For the practitioner who works in a more isolated setting such as from home or in a rented consulting room, often the only colleagues or other professionals they are in contact with are their clinical supervisor and possibly their own therapist. Although clinical supervision can be an incredibly important and enriching part of practice, it is unlikely to meet all the needs a practitioner has for support with their work, and neither should it. Supervision certainly can be a great source of support for practitioners, but the focus there is still largely upon the needs of the client, and when we have a busy and demanding practice there is generally not a lot of space left for the needs of the therapist themselves to be met or considered. Therapists in private practice need therefore to give some thought to what their ongoing requirements for support might be and how best to meet them. Even with a solid training in place and personal therapy, there are still likely to be needs unmet for the private practitioner and not taking these seriously can contribute to difficulties maintaining a practice and potentially lead to illness and/or burnout.
Holding and containment
Donald Winnicott (1960) talked about the role of the father in providing holding or containment for the mother so that she might focus her attention on the needs of the new born infant; so completely dependent upon her for the meeting of all its needs. In the same way therapists need to make sure that they have a sufficient support structure around them so that they can meet the needs of their clients in the therapy session.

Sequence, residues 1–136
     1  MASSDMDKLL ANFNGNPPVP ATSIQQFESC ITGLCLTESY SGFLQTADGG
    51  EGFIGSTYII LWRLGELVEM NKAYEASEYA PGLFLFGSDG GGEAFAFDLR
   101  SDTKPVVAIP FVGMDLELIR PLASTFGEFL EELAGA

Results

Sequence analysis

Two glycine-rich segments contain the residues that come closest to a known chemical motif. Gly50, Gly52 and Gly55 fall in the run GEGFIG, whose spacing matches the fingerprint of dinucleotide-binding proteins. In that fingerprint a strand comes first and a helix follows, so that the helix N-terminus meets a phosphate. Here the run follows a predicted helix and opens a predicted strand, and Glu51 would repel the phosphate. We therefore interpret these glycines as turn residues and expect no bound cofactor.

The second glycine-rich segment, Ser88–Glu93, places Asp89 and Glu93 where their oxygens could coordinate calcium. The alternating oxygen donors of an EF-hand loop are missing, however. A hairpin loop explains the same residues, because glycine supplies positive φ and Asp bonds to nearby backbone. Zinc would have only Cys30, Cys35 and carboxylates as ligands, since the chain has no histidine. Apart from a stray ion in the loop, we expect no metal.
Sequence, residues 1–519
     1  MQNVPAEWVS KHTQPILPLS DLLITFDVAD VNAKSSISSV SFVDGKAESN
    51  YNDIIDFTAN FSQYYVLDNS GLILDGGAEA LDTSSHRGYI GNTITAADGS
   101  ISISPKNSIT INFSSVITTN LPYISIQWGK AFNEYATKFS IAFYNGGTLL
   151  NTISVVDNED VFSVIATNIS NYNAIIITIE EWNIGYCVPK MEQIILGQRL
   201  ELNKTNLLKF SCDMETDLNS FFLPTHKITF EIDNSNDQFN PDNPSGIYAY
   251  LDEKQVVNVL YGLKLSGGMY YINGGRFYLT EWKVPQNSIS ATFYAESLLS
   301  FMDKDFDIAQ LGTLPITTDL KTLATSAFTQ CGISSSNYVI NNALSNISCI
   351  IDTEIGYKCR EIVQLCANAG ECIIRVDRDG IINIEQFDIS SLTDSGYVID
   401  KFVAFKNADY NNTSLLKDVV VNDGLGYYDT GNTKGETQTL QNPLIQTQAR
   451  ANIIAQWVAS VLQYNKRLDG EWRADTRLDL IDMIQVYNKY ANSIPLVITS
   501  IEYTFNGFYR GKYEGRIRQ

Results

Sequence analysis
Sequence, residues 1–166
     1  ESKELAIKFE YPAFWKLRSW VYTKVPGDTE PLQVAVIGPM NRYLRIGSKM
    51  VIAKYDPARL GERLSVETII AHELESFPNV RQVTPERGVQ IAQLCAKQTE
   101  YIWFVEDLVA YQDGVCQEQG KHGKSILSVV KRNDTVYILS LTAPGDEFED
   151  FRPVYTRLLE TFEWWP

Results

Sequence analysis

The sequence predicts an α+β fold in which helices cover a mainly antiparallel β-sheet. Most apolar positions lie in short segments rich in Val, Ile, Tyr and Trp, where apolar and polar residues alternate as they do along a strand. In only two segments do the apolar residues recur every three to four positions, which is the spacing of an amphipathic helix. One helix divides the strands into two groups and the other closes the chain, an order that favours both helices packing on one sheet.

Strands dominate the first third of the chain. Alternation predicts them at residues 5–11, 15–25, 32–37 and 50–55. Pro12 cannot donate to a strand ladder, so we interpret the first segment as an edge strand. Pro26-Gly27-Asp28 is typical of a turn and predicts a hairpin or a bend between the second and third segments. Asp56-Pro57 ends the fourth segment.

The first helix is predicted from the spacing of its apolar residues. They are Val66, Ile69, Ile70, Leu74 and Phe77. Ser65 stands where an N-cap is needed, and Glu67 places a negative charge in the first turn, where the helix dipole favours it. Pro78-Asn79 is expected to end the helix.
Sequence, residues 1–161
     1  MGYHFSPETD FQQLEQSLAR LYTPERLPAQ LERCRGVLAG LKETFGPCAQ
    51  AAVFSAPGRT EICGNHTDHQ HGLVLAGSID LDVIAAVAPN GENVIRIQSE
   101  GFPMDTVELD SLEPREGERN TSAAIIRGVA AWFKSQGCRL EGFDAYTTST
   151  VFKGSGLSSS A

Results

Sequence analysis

There are a variety of ways in which it is possible for private practitioners to explore getting the support that they need. It is worth noting that it may be necessary to try out different ways of getting support in order to find what works for you as an individual. Our need for support is likely to change as careers develop and bring changes and the structures we have in place will need to be flexible in order to facilitate and support this development.
One of the key methods for meeting these needs is to create or take part in some kind of peer support network. By finding a way to be in close contact with other practitioners of a similar level of experience, it is possible for a practitioner in private practice to provide for themselves and their colleagues some of the benefits of working with a team. For some practitioners this might take the form of a reading group or formal peer supervision group with some time allowed for more informal discussion of the participants experiences at work. Others may choose to meet more informally with colleagues for support and to share experiences without there being another agenda for meeting. It is up to practitioners to be creative and courageous in terms of devising ways of reaching out and getting together with other practitioners.